And, before you defend this behavior by saying, “Everyone does it these days, so it is just accepted,” remember this…  It is a normal human condition to fail to accept this excuse for ill treatment.  Even if we do it ourselves, we don’t justify it in others.  We may have come to accept it, but there is still and assignment of judgment and erosion of the relationship as we realize that the person we are with has just moved us down the pecking order in terms of value. 

Here is a way technology could really help with this very human problem… I’d love to see a feature on my Blackberry that allows me to turn on an auto-responder text and email that says something like, “I’m presently in a meeting.  I will get back to you at my earliest convenience.”  By getting this quick response, in all hopes the text friend will hear, “I’m presently with a valued human being who has gone to the trouble to be with me in person.  I value you, too, which is why I turned on this auto-responder.  I will get back to you when my time with this person is through.”

A way we could all do better in the meantime is to agree, together, to put our devices away for the duration of the exchange.  Make a quick comment, like, “I’m going to ignore my gadget during our meeting so I can focus fully on what we’re doing here and respect your time and trouble getting here.”  Realize, though, that in doing this you actually have to honor that commitment.  Also realize that those addicted may become nervous without a line of sight to their device.  And, accept that to some you meet with, they really DO think you are less valued and less important than they are, or their plethora of electronic friends.  But, it is worth a try, in any case.  

These non-verbal messages you are sending both by action and inaction are screaming louder that you can possibly imagine.  In foreign cultures, something as simple as glancing at a business card when it is handed to you is highly rude and will define everything that comes after it.  In others, NOT taking time to look at the card has the same effect.  When you travel internationally as a delegate, these important relationship-busting behaviors are part of your briefings.  Experts realize that it makes no sense to travel half way around the world in person, only to offend the other party by implying a lack of respect for them.  It would do us well to also recognize the dangers of mishandling our gadgets, both here at home and abroad, in this same light.

Relationships matter in every culture whether they are face-to-face or remote access.  But, for many the physical touch and proximity of human space is still a powerful tool in business and in friendships.  Don’t mess both up by allowing your gadget use to send non-verbal messages you never intended.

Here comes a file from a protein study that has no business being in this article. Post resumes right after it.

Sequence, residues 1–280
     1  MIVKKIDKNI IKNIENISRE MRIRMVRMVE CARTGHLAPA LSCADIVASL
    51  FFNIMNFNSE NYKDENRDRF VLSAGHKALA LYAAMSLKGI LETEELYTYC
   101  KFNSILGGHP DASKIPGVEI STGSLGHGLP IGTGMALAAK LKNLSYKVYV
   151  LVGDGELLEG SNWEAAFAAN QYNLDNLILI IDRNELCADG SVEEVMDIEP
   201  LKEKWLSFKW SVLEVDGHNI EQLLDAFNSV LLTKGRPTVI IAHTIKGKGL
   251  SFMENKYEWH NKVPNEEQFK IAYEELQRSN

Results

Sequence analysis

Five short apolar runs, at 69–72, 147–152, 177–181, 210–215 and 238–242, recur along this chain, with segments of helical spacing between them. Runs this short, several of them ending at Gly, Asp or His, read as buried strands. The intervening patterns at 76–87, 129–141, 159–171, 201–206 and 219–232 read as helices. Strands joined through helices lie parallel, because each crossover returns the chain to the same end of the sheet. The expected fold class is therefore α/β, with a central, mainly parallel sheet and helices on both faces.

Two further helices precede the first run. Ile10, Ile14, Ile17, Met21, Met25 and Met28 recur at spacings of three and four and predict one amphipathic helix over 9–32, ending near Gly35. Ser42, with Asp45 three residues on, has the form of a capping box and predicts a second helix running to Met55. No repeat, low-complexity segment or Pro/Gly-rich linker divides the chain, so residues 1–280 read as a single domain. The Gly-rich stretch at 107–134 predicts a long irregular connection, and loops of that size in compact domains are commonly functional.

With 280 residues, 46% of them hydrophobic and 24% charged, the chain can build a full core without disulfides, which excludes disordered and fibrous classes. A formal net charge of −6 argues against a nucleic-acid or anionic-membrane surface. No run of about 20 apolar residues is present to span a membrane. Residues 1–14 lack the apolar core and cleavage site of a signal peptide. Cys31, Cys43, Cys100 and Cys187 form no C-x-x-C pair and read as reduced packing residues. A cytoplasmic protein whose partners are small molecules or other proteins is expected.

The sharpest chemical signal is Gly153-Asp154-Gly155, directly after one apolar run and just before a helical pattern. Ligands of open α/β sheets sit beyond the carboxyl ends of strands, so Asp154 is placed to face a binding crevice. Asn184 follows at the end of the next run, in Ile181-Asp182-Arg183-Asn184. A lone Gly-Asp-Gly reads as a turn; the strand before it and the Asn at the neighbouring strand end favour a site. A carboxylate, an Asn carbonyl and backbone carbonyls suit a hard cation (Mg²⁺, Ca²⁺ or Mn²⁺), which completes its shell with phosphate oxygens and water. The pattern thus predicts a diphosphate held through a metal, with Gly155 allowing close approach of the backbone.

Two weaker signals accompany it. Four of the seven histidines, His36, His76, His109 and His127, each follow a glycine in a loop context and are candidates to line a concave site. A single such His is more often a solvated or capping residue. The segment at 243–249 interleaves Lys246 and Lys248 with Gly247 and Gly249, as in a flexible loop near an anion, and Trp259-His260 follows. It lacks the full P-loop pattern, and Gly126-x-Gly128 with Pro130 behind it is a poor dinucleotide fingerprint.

Follow the author on Twitter: @PamelaGorman

As originally published at

Thursday, January 13, 2011

Reefer Madness! (And Other Stupid Things to Blame)

It is a normal human reaction when faced with unfathomable acts of terror to seek some safe place to apply one’s outrage because to accept that these isolated events are both horrific and unpredictable, with a potential for repeat, is too frightening. To accept that one simple truth would also force a person to recognize that it could happen anywhere to anyone… including the people they love.

So, humans seek a solvable problem to direct their emotional energies toward, as that gives them a semblance of peace and allows them to continue to believe that this won’t happen again… if they could only fix X.

In the case of normally freedom loving people, this is a temporary lapse in judgment brought on by fear. In the case of the left, that fear combines with a sense of opportunity. Regardless of your political leanings or previous opinions on the rights of citizens, it is imperative that we all take a deep breath and remember to use logic in place of emotion when considering our laws and how we enforce them.

On Saturday January 8, 2011, a man chose to kill several people. Because we don’t know why this happened, and we feel helpless to prevent it from happening again, we are naturally asking a lot of questions. Questions are one thing, but making assumptions (and sponsoring legislation as a result) is dangerous.

I’ve watched the hysteria unfold and kept my mouth shut while I prayed and mourned for those who are affected by this unspeakable horror. My only comments have been at the audacity of those who seek to blame others for this man’s transgressions. When CNN/ABC/CBS and dozens of leftist blogs try to pull you in, it almost becomes laughable. Even when Katie Couric dragged me into it with a video of me enjoying the shooting sports in her goofy imitation of a journalistic piece, I did not jump in. It would do others well to do the same, but this takes an enormous amount of personal restraint and emotional maturity. I realize that.